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Most of us are introduced to "without loss of generality" before encountering formal group theory. To the uninitiated, the phrase almost seems like cheating, but soon we realize how intuitive and useful it is for simplifying and shortening proofs.

Perhaps this is a dumb question (in the sense that the answer might well be obvious), but is it true that behind every WLOG there is an implied symmetry group in play?

A Couple of Examples

(Schur's Inequality) If $a,b,c \ge 0 $ and $r \ge 1$, then$$a^r(a-b)(a-c) + b^r(b-a)(b-c) + c^r(c-a)(c-b) \ge 0$$

Proof: Without loss of generality, assume $a \ge b \ge c$...
We can do this because the expression at hand is symmetric in $a,b,c$.
The group is $S_3$.


(Fundamental Theorem of Algebra) Every $n^{th}$-degree polynomial $a_n z^n + a_{n-1}z^{n-1} + \dots + a_1 z + a_0$ has a root in $\mathbb{C}$.

Proof: Without loss of generality, assume $a_n = 1$, because we can "divide through" by $a_n$...
The group is $\mathbb{R}- 0$ under multiplication.

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closed as not a real question by Yemon Choi, Benjamin Steinberg, Mariano Suárez-Alvarez, Alain Valette, Bill Johnson Jan 20 '12 at 17:11

It's difficult to tell what is being asked here. This question is ambiguous, vague, incomplete, overly broad, or rhetorical and cannot be reasonably answered in its current form. For help clarifying this question so that it can be reopened, visit the help center.If this question can be reworded to fit the rules in the help center, please edit the question.

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I can imagine what a "no" answer to this question looks like, but I can't imagine what a "yes" answer would look like. –  Qiaochu Yuan Jan 20 '12 at 1:47
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Sometimes arguments in analysis begin "Let $\{x_n\}$ be a sequence which converges to $x$. Without loss of generality, assume $d(x,x_n) < 2^{-n}$..." Here the issue seems to be extra flexibility in the definitions rather than symmetry. –  Paul Siegel Jan 20 '12 at 2:22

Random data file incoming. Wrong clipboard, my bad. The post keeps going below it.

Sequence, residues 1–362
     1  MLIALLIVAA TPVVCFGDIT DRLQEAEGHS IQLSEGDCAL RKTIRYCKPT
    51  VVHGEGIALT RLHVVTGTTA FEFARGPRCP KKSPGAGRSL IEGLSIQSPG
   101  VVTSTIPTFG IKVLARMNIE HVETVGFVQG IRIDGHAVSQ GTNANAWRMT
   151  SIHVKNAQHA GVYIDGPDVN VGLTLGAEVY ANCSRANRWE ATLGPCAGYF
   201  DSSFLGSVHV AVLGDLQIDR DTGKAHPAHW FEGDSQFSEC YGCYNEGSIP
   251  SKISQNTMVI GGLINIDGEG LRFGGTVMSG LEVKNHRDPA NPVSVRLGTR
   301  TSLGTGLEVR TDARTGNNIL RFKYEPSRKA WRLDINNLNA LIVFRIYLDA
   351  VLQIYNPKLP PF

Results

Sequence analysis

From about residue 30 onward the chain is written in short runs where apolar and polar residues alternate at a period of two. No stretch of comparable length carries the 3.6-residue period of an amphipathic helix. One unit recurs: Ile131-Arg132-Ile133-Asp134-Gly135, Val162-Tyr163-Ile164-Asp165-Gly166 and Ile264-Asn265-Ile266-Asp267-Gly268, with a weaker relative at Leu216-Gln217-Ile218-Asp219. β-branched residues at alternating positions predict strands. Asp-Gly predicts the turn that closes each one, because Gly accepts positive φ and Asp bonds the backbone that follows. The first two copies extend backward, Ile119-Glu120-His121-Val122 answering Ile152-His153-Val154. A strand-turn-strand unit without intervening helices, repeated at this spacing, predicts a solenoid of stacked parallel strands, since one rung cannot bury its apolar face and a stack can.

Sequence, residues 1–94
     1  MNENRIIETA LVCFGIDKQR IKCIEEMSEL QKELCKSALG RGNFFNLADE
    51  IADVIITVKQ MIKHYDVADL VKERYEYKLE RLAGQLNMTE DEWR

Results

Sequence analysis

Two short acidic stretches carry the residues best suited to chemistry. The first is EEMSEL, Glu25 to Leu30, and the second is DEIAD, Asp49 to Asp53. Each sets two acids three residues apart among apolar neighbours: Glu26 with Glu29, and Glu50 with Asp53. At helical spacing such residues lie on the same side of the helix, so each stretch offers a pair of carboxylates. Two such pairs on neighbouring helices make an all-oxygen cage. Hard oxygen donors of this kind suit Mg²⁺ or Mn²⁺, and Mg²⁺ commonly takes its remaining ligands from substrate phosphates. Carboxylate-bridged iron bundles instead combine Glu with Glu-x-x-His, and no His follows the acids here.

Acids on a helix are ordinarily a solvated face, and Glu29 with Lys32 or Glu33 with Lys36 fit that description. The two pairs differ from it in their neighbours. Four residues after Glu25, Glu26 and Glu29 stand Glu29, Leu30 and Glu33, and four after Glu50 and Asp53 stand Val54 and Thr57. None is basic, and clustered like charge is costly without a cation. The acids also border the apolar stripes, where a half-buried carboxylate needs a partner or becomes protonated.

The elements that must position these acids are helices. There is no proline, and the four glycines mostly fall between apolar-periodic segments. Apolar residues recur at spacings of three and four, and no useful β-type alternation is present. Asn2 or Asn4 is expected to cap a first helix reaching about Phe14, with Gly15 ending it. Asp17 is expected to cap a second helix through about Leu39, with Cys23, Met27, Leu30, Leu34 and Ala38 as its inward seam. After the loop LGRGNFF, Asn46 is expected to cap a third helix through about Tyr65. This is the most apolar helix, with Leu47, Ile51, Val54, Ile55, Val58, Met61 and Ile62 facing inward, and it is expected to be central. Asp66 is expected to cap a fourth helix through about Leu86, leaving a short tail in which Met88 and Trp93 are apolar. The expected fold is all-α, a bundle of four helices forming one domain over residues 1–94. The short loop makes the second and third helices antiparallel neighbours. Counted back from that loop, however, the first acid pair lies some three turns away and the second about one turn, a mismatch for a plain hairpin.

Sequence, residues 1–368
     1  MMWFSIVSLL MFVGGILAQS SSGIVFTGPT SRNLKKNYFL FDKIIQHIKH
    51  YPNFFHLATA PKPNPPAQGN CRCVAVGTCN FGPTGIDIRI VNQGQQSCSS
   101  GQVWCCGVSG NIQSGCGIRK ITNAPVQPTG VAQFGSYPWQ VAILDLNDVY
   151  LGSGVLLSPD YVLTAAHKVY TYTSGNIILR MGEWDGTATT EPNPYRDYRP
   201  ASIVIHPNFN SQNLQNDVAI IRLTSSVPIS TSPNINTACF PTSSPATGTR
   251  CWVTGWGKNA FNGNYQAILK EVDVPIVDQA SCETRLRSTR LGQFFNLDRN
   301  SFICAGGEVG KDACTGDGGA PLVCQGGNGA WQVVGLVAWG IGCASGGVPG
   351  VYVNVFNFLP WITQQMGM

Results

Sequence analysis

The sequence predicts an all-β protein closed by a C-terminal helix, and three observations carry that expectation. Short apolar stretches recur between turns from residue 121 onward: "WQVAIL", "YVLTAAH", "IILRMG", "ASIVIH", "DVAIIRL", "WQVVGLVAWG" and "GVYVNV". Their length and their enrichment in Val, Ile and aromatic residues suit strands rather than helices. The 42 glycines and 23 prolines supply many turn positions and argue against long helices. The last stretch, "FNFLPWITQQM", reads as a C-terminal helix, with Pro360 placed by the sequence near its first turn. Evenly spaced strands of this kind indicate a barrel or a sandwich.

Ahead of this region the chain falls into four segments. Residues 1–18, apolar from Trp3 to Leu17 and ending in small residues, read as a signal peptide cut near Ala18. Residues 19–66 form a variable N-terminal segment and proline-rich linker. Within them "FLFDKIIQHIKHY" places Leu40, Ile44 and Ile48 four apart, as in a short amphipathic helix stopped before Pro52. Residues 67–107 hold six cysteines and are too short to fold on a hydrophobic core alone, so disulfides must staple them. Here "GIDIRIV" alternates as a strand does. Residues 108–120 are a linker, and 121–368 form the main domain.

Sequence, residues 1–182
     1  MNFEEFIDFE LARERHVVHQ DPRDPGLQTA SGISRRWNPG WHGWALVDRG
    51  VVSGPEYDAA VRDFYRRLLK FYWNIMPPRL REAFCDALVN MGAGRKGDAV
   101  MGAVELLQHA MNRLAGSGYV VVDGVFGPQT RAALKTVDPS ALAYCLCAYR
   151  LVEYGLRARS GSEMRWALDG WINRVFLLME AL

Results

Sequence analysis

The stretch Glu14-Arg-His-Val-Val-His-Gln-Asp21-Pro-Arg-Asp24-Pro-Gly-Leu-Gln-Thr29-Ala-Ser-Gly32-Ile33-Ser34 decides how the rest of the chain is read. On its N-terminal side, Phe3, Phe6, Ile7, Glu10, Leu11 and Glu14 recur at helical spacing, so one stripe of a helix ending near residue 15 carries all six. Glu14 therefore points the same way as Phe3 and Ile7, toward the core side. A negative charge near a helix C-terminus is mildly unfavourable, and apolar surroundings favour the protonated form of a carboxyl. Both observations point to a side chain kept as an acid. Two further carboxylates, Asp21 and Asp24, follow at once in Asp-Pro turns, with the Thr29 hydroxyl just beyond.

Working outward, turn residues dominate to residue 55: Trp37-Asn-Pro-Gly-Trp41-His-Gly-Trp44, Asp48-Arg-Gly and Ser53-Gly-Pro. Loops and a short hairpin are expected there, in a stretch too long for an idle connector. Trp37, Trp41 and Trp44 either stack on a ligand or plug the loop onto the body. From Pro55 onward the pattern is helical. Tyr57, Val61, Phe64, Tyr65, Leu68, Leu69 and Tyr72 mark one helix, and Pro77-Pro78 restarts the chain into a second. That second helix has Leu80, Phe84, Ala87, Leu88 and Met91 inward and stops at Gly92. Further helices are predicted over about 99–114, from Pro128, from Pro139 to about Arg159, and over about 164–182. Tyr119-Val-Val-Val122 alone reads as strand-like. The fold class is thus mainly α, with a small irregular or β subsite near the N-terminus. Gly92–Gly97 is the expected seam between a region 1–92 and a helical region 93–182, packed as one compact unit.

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You might also want to allow groupoid symmetry since you might say without loss of generality assume the vertices of our graph is $\{1,\ldots,n\}$. –  Benjamin Steinberg Jan 20 '12 at 3:49
    
You can attach a group action to any equivalence relation, but it is usually not canonical. –  S. Carnahan Jan 20 '12 at 4:30
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1 Answer 1

Fix a semi-formal language for discourse and proof. (I will let you worry about niggling issues such as consistency and soundness.) Now consider proving your statement with as much detail and completeness as your semi-formal system allows. Your proof may break into subcases and subproofs, and you may find it convenient to refactor your proof so that you make repeated use of some lemmas. At some point you may have a situation like wanting to establish in some contexts two statements, say phi(a,b) and phi(b,a), and you find that they have similar proofs. At this point, you can define an equivalence relation between tuples in the language, and you can construct and investigate symmetries of the syntactic elements of the proof as represented in the semi-formal system. So you can arrange things so that the answer to your question is yes. Whether it is prudent to take such relations from the semi-formal system back to the realm of your objects of study is likely very situation-specific.

Gerhard "Ask Me About System Design" Paseman, 2012.01.19

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